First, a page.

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Anchors away! Prices, anchors and auctions

11 December 2018

When you’re shopping for something special or unique, how do you know what a fair price is? If you’re like most people, the first piece of price information you encounter acts as an anchor, influencing all your future judgments about the price you should pay. This happens even if you disagree with the initial price or try not to let it influence your judgement. 

A price anchor is just what the name implies – the initial asking price weighs heavily, creating a reference point which is hard to fully escape. Essentially, once we encounter any kind of price guide, we tend to base assessments of the “fair” price by adjusting away from that anchor. The problem is that these adjustments may not go far enough, meaning our final assessment of a fair price ends up closer to the anchor than it would otherwise be.

In many situations, including where price is negotiable, the price guide set out by the seller is the first anchor point. This sets the scene for the negotiation, and the final price will often be within striking distance of that initial anchor. Amateurs and professionals alike are susceptive to this type of anchor.

A great study by Northcraft and Neale shows the impact of anchors in real estate. Both amateurs (students) and professionals (real estate agents) toured and made judgments about a realistic selling price for real estate properties. Each participant had access to a 10-page information booklet, containing all the information usually used by agents to set a list price. Although agents denied they were influenced by the list price, the authors found that both groups were equally influenced by the list price anchor.

Haggling in a market is another classic situation where price anchors come into play. Nobel Prize winning psychologist Daniel Kahneman has some advice if you find yourself facing an outrageous proposed selling price: “you should not come back with an equally outrageous counteroffer, creating a gap that will be difficult to bridge in further negotiations. Instead you should make a scene, storm out or threaten to do so, and make it clear – to yourself as well as to the other side – that you will not continue the negotiation with that number on the table.”

And what about anchors in auctions? As this blog previously alluded , prices and anchors are a little more complicated in auction situations. As a starting point, a publicly known reserve acts like a typical anchor, influencing potential bidders to value the good at or above the reserve price.

What about the starting price or first bid? This is where things get tricky. Although a low starting price can sometimes lead to a low final price, things often turn out the other way – where a low starting price leads to a high final price. There are a few factors at play here:

  • First, lower starting prices allow more potential bidders to feel they have a real chance of winning at the outset;
  • Second, lower starting prices entice bidders to invest time and energy in the auction. This can create a feeling of ownership causing bidders to escalate their commitments; and
  • Third, more potential bidders means more interest, and more interest leads bidders to infer a higher value. Because the “right” price for a good under auction is unknown, bidders often look to other bidders for information about how to behave. So if a low price entices one bid, the chance of a second (and third, and fourth…) bid dramatically increases.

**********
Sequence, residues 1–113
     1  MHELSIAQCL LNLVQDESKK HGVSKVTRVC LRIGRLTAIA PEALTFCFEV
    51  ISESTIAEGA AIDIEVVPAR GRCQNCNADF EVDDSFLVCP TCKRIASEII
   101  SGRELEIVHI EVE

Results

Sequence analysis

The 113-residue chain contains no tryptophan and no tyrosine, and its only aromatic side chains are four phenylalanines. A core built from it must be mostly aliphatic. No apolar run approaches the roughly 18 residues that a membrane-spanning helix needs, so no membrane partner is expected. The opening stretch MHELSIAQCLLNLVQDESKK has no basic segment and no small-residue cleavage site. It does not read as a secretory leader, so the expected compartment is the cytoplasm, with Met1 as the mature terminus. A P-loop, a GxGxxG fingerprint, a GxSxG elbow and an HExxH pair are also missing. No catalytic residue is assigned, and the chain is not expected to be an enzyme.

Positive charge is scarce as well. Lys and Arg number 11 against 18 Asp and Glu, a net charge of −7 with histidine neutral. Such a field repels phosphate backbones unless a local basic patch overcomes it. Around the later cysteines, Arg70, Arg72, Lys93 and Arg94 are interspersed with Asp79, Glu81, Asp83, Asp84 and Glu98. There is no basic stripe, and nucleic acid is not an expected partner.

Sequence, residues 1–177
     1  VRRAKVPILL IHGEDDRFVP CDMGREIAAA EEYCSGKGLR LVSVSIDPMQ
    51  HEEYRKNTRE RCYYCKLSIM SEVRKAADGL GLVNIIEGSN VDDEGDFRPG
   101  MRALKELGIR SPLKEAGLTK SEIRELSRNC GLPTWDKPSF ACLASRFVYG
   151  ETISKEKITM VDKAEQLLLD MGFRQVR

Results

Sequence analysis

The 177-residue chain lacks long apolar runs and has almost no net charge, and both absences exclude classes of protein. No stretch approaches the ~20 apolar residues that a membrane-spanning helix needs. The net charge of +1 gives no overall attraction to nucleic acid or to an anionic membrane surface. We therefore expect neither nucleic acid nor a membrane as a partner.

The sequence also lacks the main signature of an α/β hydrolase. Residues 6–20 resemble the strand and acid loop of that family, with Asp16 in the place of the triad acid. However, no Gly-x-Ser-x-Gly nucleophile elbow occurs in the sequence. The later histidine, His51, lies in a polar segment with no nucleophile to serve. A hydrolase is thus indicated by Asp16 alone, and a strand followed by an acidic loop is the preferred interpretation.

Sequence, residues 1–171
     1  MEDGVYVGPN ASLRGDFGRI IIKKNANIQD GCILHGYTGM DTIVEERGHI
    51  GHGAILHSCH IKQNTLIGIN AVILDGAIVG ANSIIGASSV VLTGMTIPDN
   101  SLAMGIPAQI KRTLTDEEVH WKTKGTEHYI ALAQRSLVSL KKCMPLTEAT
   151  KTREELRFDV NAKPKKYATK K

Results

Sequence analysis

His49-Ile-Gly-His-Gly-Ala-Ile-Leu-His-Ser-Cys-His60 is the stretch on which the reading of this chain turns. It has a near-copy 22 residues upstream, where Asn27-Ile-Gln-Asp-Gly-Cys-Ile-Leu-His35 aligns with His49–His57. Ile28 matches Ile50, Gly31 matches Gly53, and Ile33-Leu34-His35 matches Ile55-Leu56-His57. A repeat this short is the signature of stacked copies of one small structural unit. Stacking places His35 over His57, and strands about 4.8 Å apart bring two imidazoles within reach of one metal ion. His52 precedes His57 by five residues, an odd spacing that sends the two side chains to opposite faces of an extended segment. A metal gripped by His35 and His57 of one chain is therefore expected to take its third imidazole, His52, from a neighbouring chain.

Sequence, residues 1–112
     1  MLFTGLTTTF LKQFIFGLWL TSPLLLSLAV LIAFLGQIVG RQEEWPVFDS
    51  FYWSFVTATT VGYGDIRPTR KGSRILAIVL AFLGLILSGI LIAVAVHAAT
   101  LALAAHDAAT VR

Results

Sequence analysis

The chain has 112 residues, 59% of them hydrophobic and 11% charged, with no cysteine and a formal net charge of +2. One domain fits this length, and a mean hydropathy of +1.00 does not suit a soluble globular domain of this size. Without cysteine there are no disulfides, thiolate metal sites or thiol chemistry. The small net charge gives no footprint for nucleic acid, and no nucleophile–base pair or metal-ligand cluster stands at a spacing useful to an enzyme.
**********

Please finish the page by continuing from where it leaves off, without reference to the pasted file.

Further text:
For the savvy buyer looking to minimise the impact of anchors, there are a few things to keep in mind. The first step is to recognise price anchors where they exist. Searching for an argument against the anchor is a good way to protect yourself from being caught out.  Don’t be fooled by auctions with a high number of bids – new bidders often gravitate towards auctions with a high number of bids, ignoring comparable auctions with no bids. And finally, remember Daniel Kahneman’s advice - be prepared to walk away if you encounter a price anchor that’s deliberately outrageous. 

Further reading

  • Tversky, A., & Kahneman, D. (1992). Advances in prospect theory: Cumulative representation of uncertainty. Journal of Risk and uncertainty, 5(4), 297-323.
  • Northcraft, G. B., & Neale, M. A. (1987). Experts, amateurs, and real estate: An anchoring-and-adjustment perspective on property pricing decisions. Organizational behavior and human decision processes, 39(1), 84-97.
  • Kahneman, D. (2011). Thinking, fast and slow. Macmillan. p126
  • Kamins, M. A., Dreze, X., & Folkes, V. S. (2004). Effects of seller-supplied prices on buyers' product evaluations: Reference prices in an Internet auction context. Journal of Consumer Research, 30(4), 622-628.
  • Kamins, M. A., Dreze, X., & Folkes, V. S. (2004). Effects of seller-supplied prices on buyers' product evaluations: Reference prices in an Internet auction context. Journal of Consumer Research, 30(4), 622-628.
  • Ku, G., Galinsky, A. D., & Murnighan, J. K. (2006). Starting low but ending high: A reversal of the anchoring effect in auctions. Journal of Personality and social Psychology, 90(6), 975.
  • Dholakia, U. M., & Soltysinski, K. (2001). Coveted or overlooked? The psychology of bidding for comparable listings in digital auctions. Marketing Letters, 12(3), 225-237.
  • Galinsky, A. D., & Mussweiler, T. (2001). First offers as anchors: the role of perspective-taking and negotiator focus. Journal of personality and social psychology, 81(4), 657.